Books: Death and Other Distractions

It’s everywhere in Sherman Alexie’s latest collection.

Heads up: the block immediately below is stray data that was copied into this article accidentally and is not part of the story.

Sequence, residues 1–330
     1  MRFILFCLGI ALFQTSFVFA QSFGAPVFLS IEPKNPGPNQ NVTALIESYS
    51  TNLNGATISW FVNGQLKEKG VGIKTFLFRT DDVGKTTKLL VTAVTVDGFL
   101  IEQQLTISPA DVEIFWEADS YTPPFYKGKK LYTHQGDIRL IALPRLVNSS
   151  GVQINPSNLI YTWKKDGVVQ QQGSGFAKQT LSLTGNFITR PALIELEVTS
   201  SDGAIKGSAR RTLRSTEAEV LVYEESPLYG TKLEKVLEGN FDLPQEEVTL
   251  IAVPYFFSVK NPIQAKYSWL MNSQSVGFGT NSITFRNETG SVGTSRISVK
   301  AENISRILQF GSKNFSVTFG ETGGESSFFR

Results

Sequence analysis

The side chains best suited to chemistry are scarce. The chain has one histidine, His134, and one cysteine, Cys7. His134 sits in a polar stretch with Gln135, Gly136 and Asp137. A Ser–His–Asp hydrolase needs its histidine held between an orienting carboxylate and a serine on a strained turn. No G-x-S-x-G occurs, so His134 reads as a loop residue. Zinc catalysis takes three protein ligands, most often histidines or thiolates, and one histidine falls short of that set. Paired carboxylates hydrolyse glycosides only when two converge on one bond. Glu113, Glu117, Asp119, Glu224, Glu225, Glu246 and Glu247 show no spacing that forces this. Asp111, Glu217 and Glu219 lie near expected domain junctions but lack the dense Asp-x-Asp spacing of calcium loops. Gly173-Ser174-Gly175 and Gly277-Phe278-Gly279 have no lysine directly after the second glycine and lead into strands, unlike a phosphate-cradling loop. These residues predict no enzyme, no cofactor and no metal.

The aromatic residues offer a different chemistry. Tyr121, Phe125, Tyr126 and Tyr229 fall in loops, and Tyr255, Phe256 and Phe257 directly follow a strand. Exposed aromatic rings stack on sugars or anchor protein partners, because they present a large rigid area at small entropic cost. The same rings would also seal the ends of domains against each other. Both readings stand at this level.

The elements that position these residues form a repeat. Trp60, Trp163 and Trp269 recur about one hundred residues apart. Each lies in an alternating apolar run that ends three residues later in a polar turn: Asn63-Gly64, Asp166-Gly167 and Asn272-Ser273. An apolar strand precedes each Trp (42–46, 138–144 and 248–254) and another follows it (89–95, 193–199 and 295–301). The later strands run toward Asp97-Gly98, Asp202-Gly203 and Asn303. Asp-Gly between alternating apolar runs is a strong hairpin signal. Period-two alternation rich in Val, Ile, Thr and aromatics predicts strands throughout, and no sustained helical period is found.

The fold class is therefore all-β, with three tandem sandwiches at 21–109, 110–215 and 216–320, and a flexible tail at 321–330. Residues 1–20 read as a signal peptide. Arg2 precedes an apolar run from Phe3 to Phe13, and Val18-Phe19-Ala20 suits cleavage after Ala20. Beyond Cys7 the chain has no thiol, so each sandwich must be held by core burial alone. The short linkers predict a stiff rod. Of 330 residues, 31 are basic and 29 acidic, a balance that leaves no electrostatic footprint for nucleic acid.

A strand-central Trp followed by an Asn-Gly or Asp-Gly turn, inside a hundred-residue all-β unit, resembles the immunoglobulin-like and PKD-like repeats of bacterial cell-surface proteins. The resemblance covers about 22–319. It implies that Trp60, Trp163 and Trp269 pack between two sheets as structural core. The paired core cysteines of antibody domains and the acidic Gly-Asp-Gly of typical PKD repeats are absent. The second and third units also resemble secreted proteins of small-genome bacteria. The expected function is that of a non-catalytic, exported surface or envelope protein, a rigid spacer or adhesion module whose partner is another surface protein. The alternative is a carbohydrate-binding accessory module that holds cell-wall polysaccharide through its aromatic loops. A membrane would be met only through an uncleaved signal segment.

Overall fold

Death is everywhere in Sherman Alexie's new story-poetry-scrap collection War Dances (Grove Press, $23), which begins with the attempted killing of a dog and ends with burial instructions. Elsewhere, a larcenous teenager is struck dead (accidentally) by a homeowner's baseball bat. A reluctant young journalist nearly halts his paper's presses for the sake of a late-breaking obituary. A screenwriter tries to turn the tragedy of several firefighters perishing in a blaze into a salable Hollywood script.Recently published in The New Yorker, the title story "War Dances" reads less like fiction than midlife memoir or medical chart. The 41-year-old Seattle narrator relates, in a jokey-yet-serious manner, his father's past death on the rez and his own recent brain tumor, likely caused by childhood hydrocephalus. (Alexie survived water on the brain as an infant.) Worrying about an MRI leads to worries about what bad country music his doctor might play during the procedure. Which in turn leads to worry about grocery shopping for the kids and kvetching about why Trader Joe's will suddenly stop stocking your favorite item.Death and disease are terrifying, but the process can be ridiculed, and the patient made to feel ridiculous. (But only up to a point: Alexie writes in another story here that "Indians respect dead bodies even more than live ones.") In "War Stories," the unnamed narrator's encounter with "Mr. Tumor" makes him recall his father's "death by natural causes" (i.e., alcoholism and diabetes), but never in sentimental terms. "The circle of life. Such poetic bullshit." There's no poetry in the hospital ward, but a traditional Indian healing song held in its place. Even then, the narrator confesses to "silently mocking" such pieties. He imagines an exit interview for his father in heaven (arranged like a multiple-choice quiz), in which the deceased questions whether the son should be able to use the expression "Indian summer" and declares, "If God really loved Indians, he would have made us white people." Even the dead make jokes about death.And if "War Dances" is an occasion for the narrator—and Alexie, now almost 43—to contemplate his own mortality, dead ancestors loom elsewhere, too. In "Salt," the collection's other standout story (of six), the obituary writer flees his assignment to pray for his indigenous forebears—"They're all gone now, dead by disease and self-destruction."Even in a weaker, more comic story, "The Ballad of Paul Nonetheless," about a would-be adulterer who falls for a woman wearing red Pumas at an airport, Alexie finds cause to mention Marvin Gaye Sr. and Jr., the father who murdered his son. Violence and forgiveness, mourning and grief—the weighty alternates with levity, and it's rare that Alexie settles on one for long.For that reason, the uneven quality of War Dances illustrates the quicksilver nature of his formidable gifts. "The Senator's Son," about queer-bashing and right-wing politics in Seattle, doesn't work at all. Alexie can't get the voice right; he's too much the quipping creature of the irreverent left to speak for the party of God. The interstitial poetry and marginalia amount to padding—scraps of insight and humor that are never sustained, never developed.Alexie is, in his way, a genius of distraction whose riffs and tangents are his strength/weakness. His two career-making novels, Reservation Blues and Indian Killer, came out in 1995 and '96, respectively, before he turned 30. Since then it's been story collections, poetry, blogging, lobbying to save the Sonics, denouncing Amazon's Kindle, indie-film scripting (Smoke Signals) and directing (The Business of Fancydancing), and lately agreeing to act in a movie by Humpday director Lynn Shelton. But not writing serious novels. He earned a National Book Award for his 2007 young adult book The Absolutely True Diary of a Part-Time Indian, essentially adapted from his own teen years. In the same year, his novella Flight was a short, strange response to 9/11, a time-travel fantasia to discourage oppressed youth from resorting to violence.It may be that Alexie is no longer a long-form writer, and there's no shame in that. In "Fearful Symmetry," a screenwriter struggles with writer's block, fretting, "He'd written two decent books and two bad ones. Perhaps he had only been destined to be a writer for that brief period of time." I don't think that's Alexie's problem. But what kind of writer is a different matter.Some might accuse Alexie of spreading himself too thin. But in a way, thinness can be a virtue. In "Paul Nonetheless," Alexie admires the lyrics of Irving Berlin ("Can a person simultaneously hurry and meander?") and ponders the fact that the songwriter lived until 1989: "It's quite possible that Irving Berlin voted for Michael Dukakis. How can you not love a country and a culture where that kind of beautiful insanity can flourish?"That the composer and the politician have nothing in common beyond Alexie's unifying conceit doesn't matter. Even if he can't focus his imagination for long, it's still

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